By Adam Lippe

adventureland2-440x294Selling nostalgia is a tricky thing. While you already have the advantage of being able to tap into people’s hazy memories and playing off their vague recognition and familiarity, you risk relying on such a lazy device to the point where you become guilty of The Wedding Singer syndrome, wherein the entire purpose was to throw in as many 1980s props and references as possible so the audience would go, “oh yeah, I remember that.”

Greg Mottola’s Adventureland also has to handle the major issue of being based on the writer/director’s post-college experiences, and possibly falling prey to the misconception that just because it happened in real life, it must be interesting. Mottola’s Superbad suffered in similar ways, because the title and opening disco dancing silhouette served absolutely no purpose, and just looked like it was thrown in to justify the use of the title song, and make it sound retro and 1970s (indeed, most of Superbad has a very Dazed and Confused feel).

adventureland-20090115021528273_640wSuperbad was able to get away with this sort of pandering mainly because it was funny, and with low-brow comedies, one tends to forgive a lot of problems (which is why the second half of Superbad is a drag, it stops being funny in favor of forced sincerity). Adventureland is cast like a comedy, SNL‘s Bill Hader and Kristen Wiig play the husband and wife managers of a theme park, Ryan Reynolds plays a supporting role as a lothario/mechanic, Freaks and Geeks‘ Martin Starr plays his standard nerd character, and Mottola, in this case named James, is played by Michael Cera stand-in Jesse Eisenberg.

To be fair, Eisenberg, playing the stammering, fidgety, shy but sweet lead (though he won’t be growing up to be Hugh Grant), beat Cera to the punch with his identical role in the superb 2002 film Roger Dodger. But Cera has turned the caricature into an institution of awkward in recent years, while Eisenberg has faded into comparative obscurity, getting cast mostly when a vaguely unkempt looking young Jewish kid is needed (seriously, in the intervening years since Roger Dodger, he might have been better off changing his name to Jewsy Eisenfro). Regardless of the well filled-out cast (which also includes Wendie Malick, Josh Pais, and Kristen Stewart, looking like she needs a nap,) and the fact that it is structured like a comedy, Adventureland just isn’t funny. But it doesn’t appear it is intended to be a comedy, there really aren’t jokes (unless you count the character played by Matt Bush, whose entire function is to repeatedly punch Eisenberg in the nuts) and the overlong running time is mostly given to a standard budding romance between Stewart and Eisenberg, a relationship borne out of boredom, trying to get through the summer as underpaid amusement park staff in a small town.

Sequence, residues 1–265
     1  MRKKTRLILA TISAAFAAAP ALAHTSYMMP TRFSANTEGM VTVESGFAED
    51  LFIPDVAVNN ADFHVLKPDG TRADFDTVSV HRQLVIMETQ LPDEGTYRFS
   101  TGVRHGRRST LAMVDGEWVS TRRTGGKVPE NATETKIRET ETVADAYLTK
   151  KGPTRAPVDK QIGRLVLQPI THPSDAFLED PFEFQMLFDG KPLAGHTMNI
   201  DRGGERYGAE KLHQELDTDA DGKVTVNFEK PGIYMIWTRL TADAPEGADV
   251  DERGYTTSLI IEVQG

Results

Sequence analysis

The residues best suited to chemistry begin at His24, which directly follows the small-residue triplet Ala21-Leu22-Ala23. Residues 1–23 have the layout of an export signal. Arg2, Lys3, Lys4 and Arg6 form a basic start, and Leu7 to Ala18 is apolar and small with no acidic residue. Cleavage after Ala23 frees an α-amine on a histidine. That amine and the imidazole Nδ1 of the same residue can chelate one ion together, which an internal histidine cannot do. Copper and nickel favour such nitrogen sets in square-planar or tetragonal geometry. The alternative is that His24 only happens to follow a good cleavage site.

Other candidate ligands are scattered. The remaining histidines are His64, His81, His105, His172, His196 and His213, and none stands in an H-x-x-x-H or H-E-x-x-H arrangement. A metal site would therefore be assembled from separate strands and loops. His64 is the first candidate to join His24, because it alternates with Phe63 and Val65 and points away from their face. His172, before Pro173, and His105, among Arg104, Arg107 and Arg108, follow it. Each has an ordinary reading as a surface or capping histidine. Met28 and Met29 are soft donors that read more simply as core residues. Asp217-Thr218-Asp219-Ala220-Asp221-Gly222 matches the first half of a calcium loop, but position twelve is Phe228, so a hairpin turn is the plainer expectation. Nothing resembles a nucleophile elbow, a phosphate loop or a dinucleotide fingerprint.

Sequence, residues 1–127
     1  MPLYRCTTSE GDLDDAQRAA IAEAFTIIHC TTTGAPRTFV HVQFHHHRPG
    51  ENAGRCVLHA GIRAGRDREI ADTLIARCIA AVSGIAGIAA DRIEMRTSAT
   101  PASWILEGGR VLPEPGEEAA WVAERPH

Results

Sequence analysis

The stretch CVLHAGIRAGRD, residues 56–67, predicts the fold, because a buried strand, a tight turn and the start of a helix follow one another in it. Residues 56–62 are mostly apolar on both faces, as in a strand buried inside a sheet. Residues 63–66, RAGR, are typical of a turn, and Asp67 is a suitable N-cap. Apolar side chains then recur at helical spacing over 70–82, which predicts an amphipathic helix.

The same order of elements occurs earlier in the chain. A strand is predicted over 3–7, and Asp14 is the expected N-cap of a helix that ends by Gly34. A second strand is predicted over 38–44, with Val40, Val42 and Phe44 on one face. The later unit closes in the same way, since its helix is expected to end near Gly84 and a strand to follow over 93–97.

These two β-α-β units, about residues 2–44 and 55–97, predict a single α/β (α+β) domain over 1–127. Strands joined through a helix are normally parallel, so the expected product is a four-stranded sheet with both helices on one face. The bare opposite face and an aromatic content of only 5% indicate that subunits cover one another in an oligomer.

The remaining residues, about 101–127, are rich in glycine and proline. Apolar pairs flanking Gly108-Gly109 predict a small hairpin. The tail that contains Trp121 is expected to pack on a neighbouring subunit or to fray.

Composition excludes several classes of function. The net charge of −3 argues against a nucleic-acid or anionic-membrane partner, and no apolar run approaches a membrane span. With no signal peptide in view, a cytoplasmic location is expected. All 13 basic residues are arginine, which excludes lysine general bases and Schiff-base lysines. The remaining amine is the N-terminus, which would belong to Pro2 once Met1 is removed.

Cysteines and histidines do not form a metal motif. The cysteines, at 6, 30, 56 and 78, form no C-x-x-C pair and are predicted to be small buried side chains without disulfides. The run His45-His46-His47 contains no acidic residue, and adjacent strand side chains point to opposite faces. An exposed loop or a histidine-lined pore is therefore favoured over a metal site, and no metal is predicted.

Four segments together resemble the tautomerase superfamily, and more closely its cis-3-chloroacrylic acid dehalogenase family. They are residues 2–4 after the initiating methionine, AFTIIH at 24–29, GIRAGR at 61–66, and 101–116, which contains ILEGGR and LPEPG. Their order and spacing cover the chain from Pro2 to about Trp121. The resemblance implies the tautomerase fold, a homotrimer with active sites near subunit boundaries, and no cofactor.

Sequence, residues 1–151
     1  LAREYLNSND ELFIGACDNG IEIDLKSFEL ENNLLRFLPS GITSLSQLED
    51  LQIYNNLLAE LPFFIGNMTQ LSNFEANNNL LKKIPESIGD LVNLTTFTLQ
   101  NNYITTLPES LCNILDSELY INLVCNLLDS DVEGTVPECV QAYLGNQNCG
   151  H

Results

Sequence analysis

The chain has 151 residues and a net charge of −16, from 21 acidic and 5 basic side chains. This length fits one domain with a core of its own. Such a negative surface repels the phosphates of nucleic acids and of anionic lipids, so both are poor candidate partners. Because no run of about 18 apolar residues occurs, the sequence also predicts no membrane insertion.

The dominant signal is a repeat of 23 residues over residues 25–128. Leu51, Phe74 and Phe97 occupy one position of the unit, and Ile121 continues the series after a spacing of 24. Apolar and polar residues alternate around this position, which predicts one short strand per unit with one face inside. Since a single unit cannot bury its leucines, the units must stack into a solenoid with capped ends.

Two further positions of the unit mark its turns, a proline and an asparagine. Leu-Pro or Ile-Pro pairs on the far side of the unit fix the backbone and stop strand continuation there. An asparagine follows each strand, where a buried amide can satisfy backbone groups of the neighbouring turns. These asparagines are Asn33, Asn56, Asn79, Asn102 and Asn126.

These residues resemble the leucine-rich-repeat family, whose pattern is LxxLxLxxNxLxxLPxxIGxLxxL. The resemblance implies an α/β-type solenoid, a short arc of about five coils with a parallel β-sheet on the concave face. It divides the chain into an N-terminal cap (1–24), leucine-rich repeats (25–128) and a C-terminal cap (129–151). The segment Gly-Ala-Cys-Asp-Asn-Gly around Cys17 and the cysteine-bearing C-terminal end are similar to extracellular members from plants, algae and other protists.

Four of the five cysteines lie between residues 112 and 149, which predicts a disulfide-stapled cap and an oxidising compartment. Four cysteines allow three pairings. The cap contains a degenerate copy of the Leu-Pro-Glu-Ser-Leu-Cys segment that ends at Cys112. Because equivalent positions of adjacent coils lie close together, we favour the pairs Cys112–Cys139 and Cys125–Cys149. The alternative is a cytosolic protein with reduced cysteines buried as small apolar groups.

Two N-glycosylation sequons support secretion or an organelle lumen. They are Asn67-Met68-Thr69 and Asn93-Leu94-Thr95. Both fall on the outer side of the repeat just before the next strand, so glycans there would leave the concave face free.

haderwiigWhat’s odd is that Eisenberg is also given the age-old conundrum of being a virgin “waiting for the right one,” without it being a religious issue. This kind of cliché is generally reserved for comedies, and for movies about teenagers, not a 22 year-old who wants to go to Columbia grad school. It seems very out of place, and despite the specificity of each character’s age, they all act like 17 year-olds, lacking the standard cynicism that would have kicked in by the time someone gets a college degree. Combined with the nonsense of the seemingly tacked on fantasy-like conclusion, which involves a chance meeting, pouring rain, and mismatched lovers, the supposed authenticity of this period piece disappears. In fact, the only thing that really sets the movie in 1987 and not today is that Eisenberg’s character intends to go to grad school to study… Journalism. Looks like Mottola had a hidden joke up his sleeve all along.

P.S. There’s really nothing overly wrong with Adventureland as a movie, but there’s nothing distinctive about it either. It just… exists.

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By Adam Lippe

Whenever there’s a genre parody or ode to a specific era of films, such as Black Dynamite’s mocking of Blaxploitation films or Quentin Tarantino’s Death Proof, the second half of Grindhouse, the danger is that the film might fall into the trap of either being condescending without any particular insight, or so faithful that it becomes the very flawed thing it is emulating.

Black Dynamite has nothing new to say about Blaxploitation films, it just does a decent job of copying what an inept [...]

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Featured Quote (written by me)

On Cold Fish:

Though the 16 year old me described the 1994 weepie Angie, starring Geena Davis as a Brooklyn mother raising her new baby alone, as “maudlin and melodramatic,” Roger Ebert, during his TV review, referring to the multitude of soap-operaish problems piling up on the titular character, suggested that it was only in Hollywood where Angie would get a happy ending. “If they made this movie in France, Angie would have shot herself.”

Well Cold Fish was made in Japan, where Angie would have shot herself and that would have been the happy ending.